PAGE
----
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Shell’s ex-president presses on

Shell’s ex-president presses on

with message on energy markets

Published: Thursday, August 28, 2008 at 1:00 a.m. 

During an appearance on CNBC early in the summer, John Hofmeister made a startling statement: “Oil isn’t a free market.”

Soon after he said it, the show cut to a commercial and someone handed Hofmeister, who was about to retire as president of Shell Oil Co., a piece of paper. It was a message from Shell’s headquarters in the Netherlands telling him he could not say that. He crumpled up the note, went back on the air, and repeated his statement.

“The myth of the free market still resonates as if it’s a reality,” he told me recently over coffee and egg sandwiches at the Breakfast Klub in Houston. Oil markets, he said, are regulated at every step in the route from the well to the gas pump.

Customers can choose to buy their gasoline from a Shell or Exxon station, but Exxon Mobil and Shell are limited in choosing where they buy their oil. Most available crude comes from the OPEC cartel or other state-run oil companies. Until Americans understand how little control the U.S. and its corporations have over global energy supplies, we remain economically vulnerable, he said.

Hofmeister, who showed up wearing the official uniform of retirement — Hawaiian shirt, khaki shorts, black tennis shoes and white socks — spent his final years at Shell trying to explain the nation’s looming energy crisis to the public.

He feels that despite “town hall meetings” in more than 50 cities, he largely failed.

Now he is trying again.

This summer, Hofmesister formed a nonprofit group, Citizens for Affordable Energy, which will take his message to the people. He hopes someday to have local chapters across the country, which will join in national grass-roots efforts, as well as address local and regional energy concerns.

Everyone these days, from T. Boone Pickens to me, seems to have an energy plan, and Hofmeister is no different. His, though, has executive suite cred. He doesn’t have an interest in any particular fuel source, as Pickens does, and, as he’s quick to point out, he’s not running for office.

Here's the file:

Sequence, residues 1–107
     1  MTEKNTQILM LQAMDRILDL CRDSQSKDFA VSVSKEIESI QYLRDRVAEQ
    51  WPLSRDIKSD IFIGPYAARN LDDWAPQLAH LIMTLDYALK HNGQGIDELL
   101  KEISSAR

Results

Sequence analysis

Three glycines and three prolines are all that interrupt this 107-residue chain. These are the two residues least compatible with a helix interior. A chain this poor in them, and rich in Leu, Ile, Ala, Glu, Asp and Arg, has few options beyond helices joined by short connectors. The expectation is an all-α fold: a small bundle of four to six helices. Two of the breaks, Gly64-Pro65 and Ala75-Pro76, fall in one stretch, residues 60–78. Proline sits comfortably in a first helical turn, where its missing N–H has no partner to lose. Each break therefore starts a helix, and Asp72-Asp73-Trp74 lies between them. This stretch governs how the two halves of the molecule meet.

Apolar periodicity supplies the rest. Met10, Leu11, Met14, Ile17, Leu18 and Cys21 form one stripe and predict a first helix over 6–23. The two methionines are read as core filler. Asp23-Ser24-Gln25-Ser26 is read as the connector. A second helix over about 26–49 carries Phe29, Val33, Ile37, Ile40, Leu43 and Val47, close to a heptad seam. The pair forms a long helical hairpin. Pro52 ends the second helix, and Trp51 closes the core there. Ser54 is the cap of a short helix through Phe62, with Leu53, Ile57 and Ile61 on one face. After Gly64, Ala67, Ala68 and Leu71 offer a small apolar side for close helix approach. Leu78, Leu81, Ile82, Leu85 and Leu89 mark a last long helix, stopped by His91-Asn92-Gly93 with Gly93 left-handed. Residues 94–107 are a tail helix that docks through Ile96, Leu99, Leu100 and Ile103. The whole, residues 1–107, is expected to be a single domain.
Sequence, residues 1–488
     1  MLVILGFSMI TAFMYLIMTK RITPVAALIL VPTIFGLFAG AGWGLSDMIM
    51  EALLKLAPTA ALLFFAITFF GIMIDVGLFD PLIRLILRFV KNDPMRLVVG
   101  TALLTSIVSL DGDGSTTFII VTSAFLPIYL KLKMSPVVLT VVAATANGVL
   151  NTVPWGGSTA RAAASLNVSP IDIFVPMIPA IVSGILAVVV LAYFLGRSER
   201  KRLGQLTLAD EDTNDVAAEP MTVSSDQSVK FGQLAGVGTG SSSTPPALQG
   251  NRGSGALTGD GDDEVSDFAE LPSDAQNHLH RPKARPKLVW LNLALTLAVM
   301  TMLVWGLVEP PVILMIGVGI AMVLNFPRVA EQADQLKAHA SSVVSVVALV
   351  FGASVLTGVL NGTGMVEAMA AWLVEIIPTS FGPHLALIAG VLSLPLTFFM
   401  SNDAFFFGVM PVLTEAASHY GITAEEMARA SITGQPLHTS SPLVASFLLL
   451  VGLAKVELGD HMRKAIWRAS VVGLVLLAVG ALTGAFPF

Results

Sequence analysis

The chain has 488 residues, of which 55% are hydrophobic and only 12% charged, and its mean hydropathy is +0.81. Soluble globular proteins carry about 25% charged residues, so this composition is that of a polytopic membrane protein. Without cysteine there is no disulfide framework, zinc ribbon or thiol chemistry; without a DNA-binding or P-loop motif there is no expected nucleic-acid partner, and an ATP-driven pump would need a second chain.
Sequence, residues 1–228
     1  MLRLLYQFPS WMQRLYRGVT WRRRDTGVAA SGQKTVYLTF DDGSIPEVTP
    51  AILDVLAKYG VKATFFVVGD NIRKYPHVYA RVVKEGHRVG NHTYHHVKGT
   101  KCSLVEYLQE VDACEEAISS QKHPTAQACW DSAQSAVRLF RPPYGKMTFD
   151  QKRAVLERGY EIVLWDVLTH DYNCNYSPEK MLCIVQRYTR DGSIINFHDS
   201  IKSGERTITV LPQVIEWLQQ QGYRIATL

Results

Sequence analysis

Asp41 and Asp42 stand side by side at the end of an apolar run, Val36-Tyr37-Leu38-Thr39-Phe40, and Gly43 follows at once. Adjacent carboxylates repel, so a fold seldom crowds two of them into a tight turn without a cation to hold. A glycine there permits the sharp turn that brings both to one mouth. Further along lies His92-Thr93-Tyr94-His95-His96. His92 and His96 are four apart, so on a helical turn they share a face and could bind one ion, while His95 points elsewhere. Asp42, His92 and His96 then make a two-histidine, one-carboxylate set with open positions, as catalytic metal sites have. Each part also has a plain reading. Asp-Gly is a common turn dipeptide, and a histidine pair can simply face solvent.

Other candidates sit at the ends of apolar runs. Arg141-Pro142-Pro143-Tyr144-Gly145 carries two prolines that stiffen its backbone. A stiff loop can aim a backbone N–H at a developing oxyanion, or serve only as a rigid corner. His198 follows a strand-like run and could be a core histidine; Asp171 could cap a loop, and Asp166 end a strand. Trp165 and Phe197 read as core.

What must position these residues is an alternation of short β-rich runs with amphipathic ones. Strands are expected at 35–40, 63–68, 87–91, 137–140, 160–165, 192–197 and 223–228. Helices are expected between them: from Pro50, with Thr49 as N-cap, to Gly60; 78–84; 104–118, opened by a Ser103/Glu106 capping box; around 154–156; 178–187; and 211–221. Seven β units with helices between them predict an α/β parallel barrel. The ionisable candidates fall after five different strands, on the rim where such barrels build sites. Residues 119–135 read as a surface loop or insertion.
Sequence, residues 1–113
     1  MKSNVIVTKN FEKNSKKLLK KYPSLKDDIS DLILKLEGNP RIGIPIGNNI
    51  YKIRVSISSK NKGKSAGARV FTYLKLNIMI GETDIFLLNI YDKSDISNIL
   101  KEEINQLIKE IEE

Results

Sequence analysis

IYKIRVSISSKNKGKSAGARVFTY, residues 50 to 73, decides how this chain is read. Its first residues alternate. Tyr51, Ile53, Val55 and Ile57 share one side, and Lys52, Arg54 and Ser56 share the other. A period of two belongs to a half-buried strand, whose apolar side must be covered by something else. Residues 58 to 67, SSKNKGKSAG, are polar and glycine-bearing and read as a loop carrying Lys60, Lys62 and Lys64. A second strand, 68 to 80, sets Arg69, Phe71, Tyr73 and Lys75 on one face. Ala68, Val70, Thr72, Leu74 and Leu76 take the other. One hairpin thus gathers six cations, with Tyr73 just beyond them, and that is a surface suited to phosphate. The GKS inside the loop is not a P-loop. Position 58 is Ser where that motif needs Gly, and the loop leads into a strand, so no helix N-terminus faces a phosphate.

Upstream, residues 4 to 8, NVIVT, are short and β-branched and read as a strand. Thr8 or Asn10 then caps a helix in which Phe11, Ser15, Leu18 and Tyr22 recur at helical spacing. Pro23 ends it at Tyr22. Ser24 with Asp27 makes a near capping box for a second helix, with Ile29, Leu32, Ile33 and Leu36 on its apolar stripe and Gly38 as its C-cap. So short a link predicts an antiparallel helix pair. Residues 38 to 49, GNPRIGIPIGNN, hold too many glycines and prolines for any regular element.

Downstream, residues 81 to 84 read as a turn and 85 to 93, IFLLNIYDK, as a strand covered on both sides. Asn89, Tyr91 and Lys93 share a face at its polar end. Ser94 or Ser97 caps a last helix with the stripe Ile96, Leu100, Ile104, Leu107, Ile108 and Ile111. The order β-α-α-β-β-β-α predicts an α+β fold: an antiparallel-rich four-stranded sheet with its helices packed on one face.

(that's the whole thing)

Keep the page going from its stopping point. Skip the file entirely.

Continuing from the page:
His plan is based on what he calls the “four mores”:

1. More supply of all kinds of energy. “There should be no barriers to developing energy supplies in this country,” he said. We’ve done that for too long because when imports were cheap, nobody cared.

2. More pursuit of technology and innovation to more effectively use all forms of energy. That means everything from better conservation to better land use. “Technology represents the best form of conservation,” he said.

3. More environmental stewardship. Technology works in our favor in finding ways to reduce emissions of all kinds. We’ve been able to effectively reduce physical and liquid pollutants, and we need to take a similar approach to gaseous waste.

Hofmeister also returned to a favorite theme from his Shell days: Climate change is an ideological argument that won’t be won. Instead, we should have practical discussions about how to reduce airborne pollutants economically.

4. More infrastructure — from pipelines to refineries to power plants — to match supply with consumption. Use the capital markets to fund improvements, but ensure that reasonable regulations are adopted. We’re trying to meet tomorrow’s energy needs with yesterday’s planning and rules, he said. We also must ensure that regulations don’t change in midstream, otherwise private companies won’t take the investment risk.

The biggest impediment to solving our energy problems, he argues, is the political process, which is focused on expediency.

Politicians, much like consumers, prefer easy answers — windfall profits taxes or gasoline tax holidays — rather than complex ones.

Developing more secure and cost-effective energy supplies, though, requires a long-term, broad-based effort.

“In modern society, energy can’t be turned off,” Hofmeister said. “It’s as important as air, water and food. Energy is survival.”

Two years ago, I accompanied Hofmeister to a round of town hall meetings in Philadelphia. He had the same message then as now, but much of the time was spent convincing skeptics that the president of a big oil company cared about something more than short-term profit.

Now that he’s left Shell, Hofmeister plans to dedicate his retirement to broadening America’s understanding the looming energy crisis.

The question is whether anyone in Washington will listen, or whether they’ll crumple up his plan and throw it away.


Houston Chronicle business columnist Loren Steffy can be reached at [email protected].

This story appeared in print on page D3

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